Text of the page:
While reading along I thought of the well-known hymn “Come, Ye Sinners, Poor and Needy”, sung often at the local church.  One verse ends with the line “all the fitness He requires, is to feel your need of Him.” The teaching at the local church, in the standard Reformed Baptist tradition, occasionally points out that part of that hymn, and how this is the only fitness necessary to come to Christ.  Spurgeon at this point was clearly going further, arguing against any “standard” of what we must feel when we come to Christ.

In the very next paragraph Spurgeon answered my question about that hymn, with the full story even there:  that particular hymn only includes the first part of the line.

Let me counsel you, then, to never quote part of a hymn, or part of a text—quote it all!—
“All the fitness He requires
Is to feel your need of him—
This He GIVES YOU,
It is His Spirit’s rising beam!”

So that particular misunderstanding has been with the church for some time (that particular version of the hymn dates to 1759). The modern-day gospel-lite evangelical view is probably in the opposite direction from Spurgeon’s day, but (at least some) Reformed churches today continue the Puritan tradition of reacting in the opposite extreme.

Spurgeon’s point here is well-taken, a clear distinction in understanding the “feeling” someone has upon coming to Christ:

And I think I know the reason of its great commonness. In the Puritan age, which was noted certainly for its purity of Doctrine, there was also a great deal of experimental preaching, and much of it was sound and healthy. But some of it was unscriptural, because it took for its standard what the Christian felt, and not what the Savior said—the inference from a Believer’s experience, rather than the message which goes before any belief. Those excellent men, Mr. Rogers, of Dedham, who has written some useful works, and Mr. Sheppard, who wrote The Sound Believer, and Mr. Flavel and many others give descriptions of what a sinner must be before he may come to Christ, which actually represent what a saint is, after he has come to Christ! These good Brothers have taken their own experience—what they felt before they came into the Light of God—as the standard of what every other person ought to feel before he may put his trust in Christ and hope for mercy.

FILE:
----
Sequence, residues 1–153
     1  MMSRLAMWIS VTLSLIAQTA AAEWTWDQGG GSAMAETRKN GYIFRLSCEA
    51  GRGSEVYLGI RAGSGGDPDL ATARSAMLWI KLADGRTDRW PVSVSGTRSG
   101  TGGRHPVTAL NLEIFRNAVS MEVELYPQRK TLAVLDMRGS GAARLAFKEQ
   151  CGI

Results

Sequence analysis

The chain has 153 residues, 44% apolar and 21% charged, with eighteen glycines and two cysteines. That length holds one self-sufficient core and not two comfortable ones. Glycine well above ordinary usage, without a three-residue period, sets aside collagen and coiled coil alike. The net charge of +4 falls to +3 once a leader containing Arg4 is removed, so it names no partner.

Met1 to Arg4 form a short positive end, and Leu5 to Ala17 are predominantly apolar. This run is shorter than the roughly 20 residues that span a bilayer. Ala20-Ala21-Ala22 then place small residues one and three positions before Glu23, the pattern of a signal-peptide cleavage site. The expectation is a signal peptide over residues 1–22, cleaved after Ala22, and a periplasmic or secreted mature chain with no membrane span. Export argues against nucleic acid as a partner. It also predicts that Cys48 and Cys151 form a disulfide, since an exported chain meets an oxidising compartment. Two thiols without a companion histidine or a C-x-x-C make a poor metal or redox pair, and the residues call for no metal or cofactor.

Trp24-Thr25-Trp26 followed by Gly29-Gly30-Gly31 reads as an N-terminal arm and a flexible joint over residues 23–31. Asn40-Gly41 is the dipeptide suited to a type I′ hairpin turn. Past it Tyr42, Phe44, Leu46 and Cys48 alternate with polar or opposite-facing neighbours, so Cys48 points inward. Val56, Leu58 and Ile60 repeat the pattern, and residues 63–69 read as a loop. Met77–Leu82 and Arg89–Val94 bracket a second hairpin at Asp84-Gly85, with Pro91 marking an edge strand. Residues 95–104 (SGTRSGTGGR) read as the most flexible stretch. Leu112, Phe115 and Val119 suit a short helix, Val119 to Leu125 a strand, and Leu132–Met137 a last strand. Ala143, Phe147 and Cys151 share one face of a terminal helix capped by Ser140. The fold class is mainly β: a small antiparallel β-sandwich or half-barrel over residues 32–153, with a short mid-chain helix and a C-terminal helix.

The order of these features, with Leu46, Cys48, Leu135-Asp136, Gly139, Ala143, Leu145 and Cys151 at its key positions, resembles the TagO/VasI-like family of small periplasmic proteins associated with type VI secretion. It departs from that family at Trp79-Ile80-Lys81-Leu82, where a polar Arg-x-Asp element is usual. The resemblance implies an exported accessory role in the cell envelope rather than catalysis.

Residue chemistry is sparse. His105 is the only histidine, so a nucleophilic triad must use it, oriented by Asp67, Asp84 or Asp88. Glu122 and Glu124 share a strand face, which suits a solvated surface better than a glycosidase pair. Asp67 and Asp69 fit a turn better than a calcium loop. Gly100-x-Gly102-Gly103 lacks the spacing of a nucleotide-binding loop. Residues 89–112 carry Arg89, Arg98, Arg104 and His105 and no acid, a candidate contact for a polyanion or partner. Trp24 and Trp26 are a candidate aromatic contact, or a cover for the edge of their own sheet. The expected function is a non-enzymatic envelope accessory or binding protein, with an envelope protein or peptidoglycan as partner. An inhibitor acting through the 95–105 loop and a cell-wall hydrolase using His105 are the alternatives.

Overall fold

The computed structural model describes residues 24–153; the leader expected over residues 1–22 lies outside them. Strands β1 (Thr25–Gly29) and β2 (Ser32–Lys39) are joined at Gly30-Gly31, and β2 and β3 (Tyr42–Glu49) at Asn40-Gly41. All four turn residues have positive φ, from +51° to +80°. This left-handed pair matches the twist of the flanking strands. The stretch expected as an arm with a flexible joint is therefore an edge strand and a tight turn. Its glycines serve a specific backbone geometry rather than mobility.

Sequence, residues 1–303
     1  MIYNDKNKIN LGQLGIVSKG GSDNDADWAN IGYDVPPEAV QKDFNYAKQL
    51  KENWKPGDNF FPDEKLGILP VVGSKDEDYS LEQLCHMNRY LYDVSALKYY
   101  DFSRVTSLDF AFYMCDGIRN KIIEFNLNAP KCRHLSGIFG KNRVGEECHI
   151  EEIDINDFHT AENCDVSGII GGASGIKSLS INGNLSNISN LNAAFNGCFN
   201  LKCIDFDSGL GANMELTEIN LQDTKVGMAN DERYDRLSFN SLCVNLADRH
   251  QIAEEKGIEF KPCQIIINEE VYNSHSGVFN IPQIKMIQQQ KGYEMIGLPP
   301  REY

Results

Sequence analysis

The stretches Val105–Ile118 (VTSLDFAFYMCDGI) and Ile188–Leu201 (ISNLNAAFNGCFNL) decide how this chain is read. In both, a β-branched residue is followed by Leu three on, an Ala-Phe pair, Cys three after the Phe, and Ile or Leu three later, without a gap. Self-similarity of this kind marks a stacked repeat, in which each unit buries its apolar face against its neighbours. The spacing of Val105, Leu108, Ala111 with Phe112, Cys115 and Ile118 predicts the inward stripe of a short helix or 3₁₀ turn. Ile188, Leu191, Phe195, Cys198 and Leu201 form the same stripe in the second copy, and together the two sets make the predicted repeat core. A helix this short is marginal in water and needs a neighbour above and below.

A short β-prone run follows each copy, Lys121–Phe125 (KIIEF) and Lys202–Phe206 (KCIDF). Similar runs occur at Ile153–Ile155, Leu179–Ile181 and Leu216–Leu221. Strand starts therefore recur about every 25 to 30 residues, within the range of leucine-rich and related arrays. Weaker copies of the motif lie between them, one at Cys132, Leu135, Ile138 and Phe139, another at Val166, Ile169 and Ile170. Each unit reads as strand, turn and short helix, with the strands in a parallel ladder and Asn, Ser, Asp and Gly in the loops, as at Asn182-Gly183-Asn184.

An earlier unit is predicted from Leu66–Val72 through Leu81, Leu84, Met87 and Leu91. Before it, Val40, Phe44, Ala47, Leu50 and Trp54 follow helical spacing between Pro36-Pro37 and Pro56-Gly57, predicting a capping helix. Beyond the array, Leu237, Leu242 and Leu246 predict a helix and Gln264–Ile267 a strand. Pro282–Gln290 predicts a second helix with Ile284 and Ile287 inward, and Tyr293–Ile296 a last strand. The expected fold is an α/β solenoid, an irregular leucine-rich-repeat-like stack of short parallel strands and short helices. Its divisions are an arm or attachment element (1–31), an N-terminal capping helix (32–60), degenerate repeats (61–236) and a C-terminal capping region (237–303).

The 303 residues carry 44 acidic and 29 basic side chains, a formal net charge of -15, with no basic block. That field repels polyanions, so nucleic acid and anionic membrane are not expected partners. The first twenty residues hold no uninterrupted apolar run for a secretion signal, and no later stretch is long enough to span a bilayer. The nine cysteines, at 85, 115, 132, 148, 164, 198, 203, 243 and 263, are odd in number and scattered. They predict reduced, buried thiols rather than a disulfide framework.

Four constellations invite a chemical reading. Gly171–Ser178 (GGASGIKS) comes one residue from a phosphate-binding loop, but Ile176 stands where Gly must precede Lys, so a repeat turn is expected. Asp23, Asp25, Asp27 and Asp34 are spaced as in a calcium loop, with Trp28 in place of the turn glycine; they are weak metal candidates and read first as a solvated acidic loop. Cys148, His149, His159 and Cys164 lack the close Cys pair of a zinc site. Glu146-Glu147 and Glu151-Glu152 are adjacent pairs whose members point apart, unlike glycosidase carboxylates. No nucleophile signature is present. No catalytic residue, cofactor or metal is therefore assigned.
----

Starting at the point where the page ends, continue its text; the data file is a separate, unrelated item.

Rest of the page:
There were some in Puritan times who protested against that theology, and insisted that sinners were to be bid to come to Christ just as they were—with no preparation either of feeling or of doing. At the present time there are large numbers of Calvinistic ministers who are afraid to give a free invitation to sinners. They always garble Christ’s invitation thus—“If you are a sensible sinner you may come.” Just as if stupid sinners might not come! They say, “If you feel your need of Christ, you may come.” And then they describe what that feeling or need is, and give such a high description of it that their hearers say, “Well, I never felt like that,” and they are afraid to venture for lack of the qualification.

Mark you, the Brothers speak truly in some respect; they describe what a sinner does feel before he comes, but they make a mistake in putting what a sinner feels, as if that were what a sinner ought to feel! What the sinner feels, and what the sinner does, until he is renewed by Grace, are just the very opposite of what he ought to feel or do! We are always wrong when we say one Christian’s experience is to be estimated by what another Christian has felt.  No, Sir, my experience is to be measured by the Word of God! And what the sinner should feel is to be measured by what Christ commands him to feel, and not by what another sinner has felt!